Isobel Thomas, Head of Community Engagement and Experience at Good Things Foundation, the UK’s leading digital inclusion charity, shares why their annual Get Online Week campaign is needed and discusses the link between digital exclusion and health inequalities.
This week, 16-22 October, is Get Online Week, Good Things Foundation’s annual digital inclusion campaign. During the week we highlight the pressing need to ensure that everyone can afford access to digital technology (devices and mobile data and broadband) and have the digital skills to make the most of the internet.
This campaign is needed now more than ever because:
- 1 in 14 households have no home internet access (Ofcom 2023)
- 2.5 million households struggle to afford fixed broadband (Ofcom 2023)
- 10.2 million adults lack the most basic digital skills (Lloyds Banking Group, 2022)
Digital exclusion and health
Health services are increasingly moving online. The number of NHS App users jumped from 22 million to 30 million in 2022 (NHS Digital 2023). But what about the millions who cannot afford internet access, or do not have the skills and health literacy to confidently use these digital services? They are being left behind. People who do not use the internet are twice as likely to have a disability or health condition compared to extensive users of the internet (Yates 2023, Ofcom analysis). Furthermore, digital exclusion makes it harder to find jobs to apply for, search around for best prices on utility bills, and increasingly access bank accounts further impacting on health inequalities.
Whilst the scale of the challenge is huge, what we’re celebrating this Get Online Week is the incredible work of Good Things Foundation’s National Digital Inclusion Network - over 3,000 organisations who are working together to fix the digital divide. This week they are running 865 events to help thousands of digitally excluded people get online all across the UK, from the northern islands of Scotland to the tip of Cornwall; and from Northern Ireland to Kent.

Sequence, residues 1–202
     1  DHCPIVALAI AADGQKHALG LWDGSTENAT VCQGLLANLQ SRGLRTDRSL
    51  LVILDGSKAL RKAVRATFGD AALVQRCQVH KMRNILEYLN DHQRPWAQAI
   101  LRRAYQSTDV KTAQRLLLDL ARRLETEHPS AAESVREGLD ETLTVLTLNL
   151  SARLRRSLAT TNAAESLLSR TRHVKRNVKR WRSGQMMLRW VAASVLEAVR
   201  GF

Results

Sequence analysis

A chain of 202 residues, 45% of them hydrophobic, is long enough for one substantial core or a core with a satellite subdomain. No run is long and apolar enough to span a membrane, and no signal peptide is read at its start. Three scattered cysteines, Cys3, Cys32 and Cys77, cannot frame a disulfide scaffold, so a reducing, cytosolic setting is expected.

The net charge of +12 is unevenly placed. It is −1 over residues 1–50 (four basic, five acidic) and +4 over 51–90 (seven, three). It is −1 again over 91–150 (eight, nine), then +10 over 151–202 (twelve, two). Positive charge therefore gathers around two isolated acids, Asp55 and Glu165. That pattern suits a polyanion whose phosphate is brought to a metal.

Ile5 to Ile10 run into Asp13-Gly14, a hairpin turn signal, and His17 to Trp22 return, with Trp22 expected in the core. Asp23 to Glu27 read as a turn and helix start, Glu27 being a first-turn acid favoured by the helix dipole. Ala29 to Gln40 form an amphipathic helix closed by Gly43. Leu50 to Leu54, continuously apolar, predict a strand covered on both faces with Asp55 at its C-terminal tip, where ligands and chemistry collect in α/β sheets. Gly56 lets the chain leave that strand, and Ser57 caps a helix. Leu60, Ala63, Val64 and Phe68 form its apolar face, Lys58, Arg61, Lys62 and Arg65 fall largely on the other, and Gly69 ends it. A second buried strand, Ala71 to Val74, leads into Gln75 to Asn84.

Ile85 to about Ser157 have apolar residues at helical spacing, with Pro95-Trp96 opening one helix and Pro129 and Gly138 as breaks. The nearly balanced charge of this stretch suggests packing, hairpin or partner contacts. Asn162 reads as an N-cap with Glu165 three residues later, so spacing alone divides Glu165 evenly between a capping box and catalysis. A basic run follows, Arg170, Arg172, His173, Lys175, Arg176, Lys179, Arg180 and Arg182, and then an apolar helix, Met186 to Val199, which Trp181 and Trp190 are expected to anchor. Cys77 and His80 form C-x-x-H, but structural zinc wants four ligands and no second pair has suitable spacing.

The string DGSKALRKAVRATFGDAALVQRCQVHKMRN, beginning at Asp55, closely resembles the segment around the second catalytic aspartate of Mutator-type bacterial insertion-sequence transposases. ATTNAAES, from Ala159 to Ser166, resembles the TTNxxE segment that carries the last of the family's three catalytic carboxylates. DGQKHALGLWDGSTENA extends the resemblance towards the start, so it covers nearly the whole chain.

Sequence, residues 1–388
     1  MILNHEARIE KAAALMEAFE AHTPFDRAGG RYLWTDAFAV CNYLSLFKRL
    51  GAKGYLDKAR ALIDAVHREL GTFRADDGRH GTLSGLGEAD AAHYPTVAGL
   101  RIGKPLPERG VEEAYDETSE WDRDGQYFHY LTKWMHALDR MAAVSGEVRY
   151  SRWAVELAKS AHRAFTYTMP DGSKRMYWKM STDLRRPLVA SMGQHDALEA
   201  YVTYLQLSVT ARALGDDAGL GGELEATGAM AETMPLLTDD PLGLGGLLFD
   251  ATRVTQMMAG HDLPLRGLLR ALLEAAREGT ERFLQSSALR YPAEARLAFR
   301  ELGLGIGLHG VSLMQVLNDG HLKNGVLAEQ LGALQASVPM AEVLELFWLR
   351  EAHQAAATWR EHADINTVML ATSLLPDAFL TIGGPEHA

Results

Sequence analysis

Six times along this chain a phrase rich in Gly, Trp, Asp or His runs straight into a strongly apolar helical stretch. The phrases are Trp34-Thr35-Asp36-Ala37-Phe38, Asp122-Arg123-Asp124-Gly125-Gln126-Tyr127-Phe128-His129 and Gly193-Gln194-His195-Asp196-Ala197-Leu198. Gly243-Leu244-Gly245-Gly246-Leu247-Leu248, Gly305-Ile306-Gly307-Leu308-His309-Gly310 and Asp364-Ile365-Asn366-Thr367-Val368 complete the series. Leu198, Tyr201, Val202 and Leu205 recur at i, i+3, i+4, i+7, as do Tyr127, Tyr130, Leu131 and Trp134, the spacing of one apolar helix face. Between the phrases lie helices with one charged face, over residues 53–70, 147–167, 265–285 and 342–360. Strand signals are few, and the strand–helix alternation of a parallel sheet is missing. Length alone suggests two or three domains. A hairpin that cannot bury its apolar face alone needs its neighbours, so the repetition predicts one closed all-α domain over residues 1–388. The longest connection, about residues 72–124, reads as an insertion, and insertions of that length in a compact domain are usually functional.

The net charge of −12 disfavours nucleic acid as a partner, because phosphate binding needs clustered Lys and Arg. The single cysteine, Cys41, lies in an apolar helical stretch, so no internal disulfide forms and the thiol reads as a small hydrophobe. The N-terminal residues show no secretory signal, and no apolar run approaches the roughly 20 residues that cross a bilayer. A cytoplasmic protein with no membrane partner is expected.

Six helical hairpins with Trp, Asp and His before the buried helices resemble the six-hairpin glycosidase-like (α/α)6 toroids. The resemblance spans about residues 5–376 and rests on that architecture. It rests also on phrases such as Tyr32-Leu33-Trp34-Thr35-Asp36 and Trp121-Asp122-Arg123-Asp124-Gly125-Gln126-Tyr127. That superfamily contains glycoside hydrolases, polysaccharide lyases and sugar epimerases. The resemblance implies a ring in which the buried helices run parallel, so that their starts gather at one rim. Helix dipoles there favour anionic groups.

That’s 865 opportunities for digitally excluded people to access the help they need to get online - and just in one week alone! Think of the impact it could have if more people could access local digital inclusion support. So that’s what we’re working to do - support 1 million people through a network of 5,000 local digital inclusion hubs by the end of 2025.
At Good Things Foundation, we offer a comprehensive service for members of the National Digital Inclusion Network so that they can provide support to people in their communities. The Network is free to join and members can then access:
Our beginner digital skills platform, Learn My Way
Learn My Way is a free online platform that helps people gain basic digital skills through bite-sized topics including using a touchscreen, setting up an email account, using Government or healthcare services and staying safe online.
Devices through the National Device Bank
The National Device Bank accepts donations of unused devices from organisations. Laptops, mobile phones and tablets are securely wiped and refurbished before being sent to digital inclusion hubs across the UK, landing in the hands of those that need them.
Mobile connectivity through the National Databank.
The National Databank helps people get connected by providing free mobile data - like a foodbank, but for connectivity.
There are currently over 1,300 digital inclusion hubs providing the National Databank across the UK.
A programme of free events and training
Staff and volunteers can access our online programme of free events and training designed to build their digital inclusion capability and network with and learn from other members.
Grants from the Fix The Digital Divide Fund
Members can apply for a small grant to help them provide digital inclusion support in their communities.
Take action this Get Online Week!
This Get Online Week we urge your organisation to join our national effort to fix the digital divide - for good. If you’re not already a member, join the National Digital Inclusion Network and help people to benefit from digital services, especially digital health services. Join the Network
Find out more about digital inclusion and health.
Isobel Thomas is the Head of Community Engagement and Experience at Good Things Foundation, the UK’s leading digital inclusion charity.